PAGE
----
Journey To Ironman WA Begins
My Journey to Ironman WA Begins…
Hi I’m Andrew, the Exercise Physiologist at Fieldwork… welcome to my road to Ironman WA! I thought documenting this would be a great opportunity to share my experience and a chance to show and teach people about the highs and lows of training for big events, especially endurance events.
I also see it as a great chance to share some knowledge around training, recovering and everything around it. Some of the things I will discuss throughout the experience will be training misconceptions (resistance especially), stress management, injury management and probably many other topics along this unpredictable path.
Busso 70.3 Half Ironman done… it’s Ironman time
The time has come, after a few easy weeks post Busselton 70.3 then a few weeks lighter and lower intensity training including no days off! It is time to dive headfirst into my build towards Ironman WA. Giving myself 6 months to build on a solid base and put it all together for race day.
A different kind of build up
This years build is going to be very different to last year; working full time, buying a house and planning a wedding, adult life hey…
Coming from training as an honours student being able to put in countless hours to train then study (procrastinate) on the couch like a zombie with very few commitments is something that I won't be able to do anymore.
Quality vs Quantity
Time efficiency and quality of training over quantity is going to be one of the keys this year, I have already shown to myself that less time at better quality can still pay off with a huge personal best (PB) at Busselton 70.3.
Manage That Stress
Stress management is going to play a key role this year, our bodies can’t differentiate stressors. Physical and mental stress add together and need to be accounted for as a cumulative total.
Adjusting to full time work at the start of this year was the first step, having a reduced training load to allow for increased mental stress that comes with work.
Not to say that working is horrible and burns you out, just that it takes more energy than sitting on the couch. It is also just like training in the sense that our bodies will adapt to it over time and we will then be able to tolerate more.
What Stress Looks Like
Understanding the signs of stress can also help during times of increased load. Especially things like changes in:
These are a few of the early signs that you cannot miss.
Being aware of these signs can be very helpful to avoid over-training and possible burnout. Then also comes the tricky part of understanding when you are fatigued and when you are just feeling sorry for yourself.
This one is very personal and only you know your body, if you are training for a big endurance event especially if you are going to have to learn to love the early mornings or late night sessions when you really don’t feel like training.
First 4 weeks Of Training Recap
I have just wrapped up my first 4 weeks of training. For this first block of training, my coach has placed a strong emphasis on swim, with bike and run staying reasonably steady and on the lower intensity side of things.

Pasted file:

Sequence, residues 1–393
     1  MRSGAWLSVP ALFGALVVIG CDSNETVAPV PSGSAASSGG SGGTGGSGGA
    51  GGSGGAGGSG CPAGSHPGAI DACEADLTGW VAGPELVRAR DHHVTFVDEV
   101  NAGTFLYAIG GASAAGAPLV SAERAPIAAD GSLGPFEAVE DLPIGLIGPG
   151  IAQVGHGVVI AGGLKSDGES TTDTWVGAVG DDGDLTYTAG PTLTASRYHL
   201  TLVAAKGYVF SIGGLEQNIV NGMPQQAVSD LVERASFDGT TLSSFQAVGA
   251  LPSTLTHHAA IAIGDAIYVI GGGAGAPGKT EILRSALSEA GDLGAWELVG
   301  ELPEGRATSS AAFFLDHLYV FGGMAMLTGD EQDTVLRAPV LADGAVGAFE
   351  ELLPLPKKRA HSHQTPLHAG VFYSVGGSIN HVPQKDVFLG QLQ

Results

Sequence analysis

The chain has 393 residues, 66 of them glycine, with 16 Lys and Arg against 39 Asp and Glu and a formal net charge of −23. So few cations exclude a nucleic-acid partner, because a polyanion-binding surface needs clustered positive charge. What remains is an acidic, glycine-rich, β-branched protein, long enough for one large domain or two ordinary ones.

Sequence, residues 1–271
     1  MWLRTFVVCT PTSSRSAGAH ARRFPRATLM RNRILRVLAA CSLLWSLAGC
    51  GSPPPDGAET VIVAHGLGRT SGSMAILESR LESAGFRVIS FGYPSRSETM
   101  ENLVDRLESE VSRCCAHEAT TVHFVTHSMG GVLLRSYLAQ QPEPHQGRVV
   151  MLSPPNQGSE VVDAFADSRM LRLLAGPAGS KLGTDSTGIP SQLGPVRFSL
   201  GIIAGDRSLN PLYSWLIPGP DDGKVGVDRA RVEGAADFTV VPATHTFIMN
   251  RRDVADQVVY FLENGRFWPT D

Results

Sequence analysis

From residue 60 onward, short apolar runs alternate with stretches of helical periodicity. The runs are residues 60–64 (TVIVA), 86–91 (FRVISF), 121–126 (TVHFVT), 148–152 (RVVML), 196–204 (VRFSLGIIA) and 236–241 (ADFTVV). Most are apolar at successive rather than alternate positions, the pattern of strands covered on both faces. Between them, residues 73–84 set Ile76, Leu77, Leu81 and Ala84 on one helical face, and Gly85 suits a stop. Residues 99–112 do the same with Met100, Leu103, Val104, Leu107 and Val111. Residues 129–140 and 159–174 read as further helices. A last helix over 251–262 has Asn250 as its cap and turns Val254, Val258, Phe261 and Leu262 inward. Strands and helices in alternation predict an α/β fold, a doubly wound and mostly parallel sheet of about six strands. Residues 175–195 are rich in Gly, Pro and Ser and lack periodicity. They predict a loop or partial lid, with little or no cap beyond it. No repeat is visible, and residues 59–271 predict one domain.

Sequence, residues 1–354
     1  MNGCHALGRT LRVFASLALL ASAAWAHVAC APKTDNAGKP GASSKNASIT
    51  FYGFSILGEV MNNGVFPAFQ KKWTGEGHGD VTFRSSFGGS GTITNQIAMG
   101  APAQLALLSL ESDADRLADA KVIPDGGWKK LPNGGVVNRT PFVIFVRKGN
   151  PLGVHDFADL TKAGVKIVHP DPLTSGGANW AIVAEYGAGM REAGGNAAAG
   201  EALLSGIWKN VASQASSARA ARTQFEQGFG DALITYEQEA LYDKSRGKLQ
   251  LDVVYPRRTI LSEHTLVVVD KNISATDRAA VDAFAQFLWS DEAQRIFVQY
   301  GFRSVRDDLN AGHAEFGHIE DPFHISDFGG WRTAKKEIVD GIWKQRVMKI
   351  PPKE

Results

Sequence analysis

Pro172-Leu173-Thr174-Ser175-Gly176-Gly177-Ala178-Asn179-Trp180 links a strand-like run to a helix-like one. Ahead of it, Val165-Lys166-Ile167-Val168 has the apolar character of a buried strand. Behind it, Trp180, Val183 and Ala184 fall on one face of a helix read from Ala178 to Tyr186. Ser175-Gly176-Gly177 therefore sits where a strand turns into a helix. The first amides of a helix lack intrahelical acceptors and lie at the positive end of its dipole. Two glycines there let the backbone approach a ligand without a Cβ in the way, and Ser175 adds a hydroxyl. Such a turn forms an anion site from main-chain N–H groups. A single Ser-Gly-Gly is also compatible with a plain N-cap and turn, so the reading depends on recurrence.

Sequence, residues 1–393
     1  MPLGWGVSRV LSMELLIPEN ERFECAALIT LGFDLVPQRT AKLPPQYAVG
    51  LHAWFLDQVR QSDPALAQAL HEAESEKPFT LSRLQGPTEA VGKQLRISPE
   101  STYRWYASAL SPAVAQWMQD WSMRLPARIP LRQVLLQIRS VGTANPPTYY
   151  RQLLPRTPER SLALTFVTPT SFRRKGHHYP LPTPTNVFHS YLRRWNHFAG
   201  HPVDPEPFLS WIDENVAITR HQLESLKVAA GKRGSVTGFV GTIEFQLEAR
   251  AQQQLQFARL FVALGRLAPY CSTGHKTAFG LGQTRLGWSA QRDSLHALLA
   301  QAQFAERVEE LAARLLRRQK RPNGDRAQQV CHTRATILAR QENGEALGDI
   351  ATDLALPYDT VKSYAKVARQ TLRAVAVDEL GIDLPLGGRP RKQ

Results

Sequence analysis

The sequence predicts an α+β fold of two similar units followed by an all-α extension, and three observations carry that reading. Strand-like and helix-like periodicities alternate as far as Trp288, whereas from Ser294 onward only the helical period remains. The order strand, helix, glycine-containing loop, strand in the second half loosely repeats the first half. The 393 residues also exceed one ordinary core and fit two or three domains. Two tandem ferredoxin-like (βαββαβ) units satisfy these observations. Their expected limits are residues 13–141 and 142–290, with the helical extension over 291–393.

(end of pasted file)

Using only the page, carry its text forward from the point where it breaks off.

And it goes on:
At the moment my total training load per week is sitting around 15 hours broken up around 5 hours in the pool, 5 hours on the bike, 3 hours running and 2.5 hours in the gym.
Swimming…. Not everyone's cup of tea.
Coming from a field sport background swimming is certainly not my strong suit and although it takes up such a small portion of an Ironman, being able to shave a few minutes off and come out of the water more relaxed and without using as many tickets will pay off.
Is Resistance Training Really That Important?
Resistance training is also of vital importance and one thing that many endurance athletes put on the bottom of the importance list so it far to often gets left out.
Either that or strength work is treated similar to swim, bike and run sessions, more endurance based with a desire to be out of breath by the end, so you feel you had a good workout.
Endurance athletes need massive amounts of strength and therefore strength training needs to be strength focussed. Losing form at the back end of a race isn’t a result of a lack of fitness it is 9 times out of 10 a lack of strength, leading to fatigue, loss of form then injury.
My Approach To Strength Training
For my strength training, it’s nothing special or fancy just the basics, squat pattern, lunge pattern, hinge pattern, vertical press, vertical pull, horizontal press, horizontal pull and trunk stability.
“It’s nothing fancy, Just the basics”
Sets and reps
Higher volume of sets, lower reps, heavy loading and long rests to really push the emphasis on strength. My swim bike and run sessions are for getting “fit” and my gym sessions are for getting strong therefore they need vastly different approaches.
Strategic Recovery, Life Happens
I would normally be going into a recovery week now but I’m moving into my first house in 2 weeks so my coach and I have decided to extend this block and use that week as recovery as there will definitely be a few days off there.
Stay tuned for my next block of training in my next blog! The swim focus will continue but there will also be an interruption of moving house and how I work training and resting around that. Pray for me!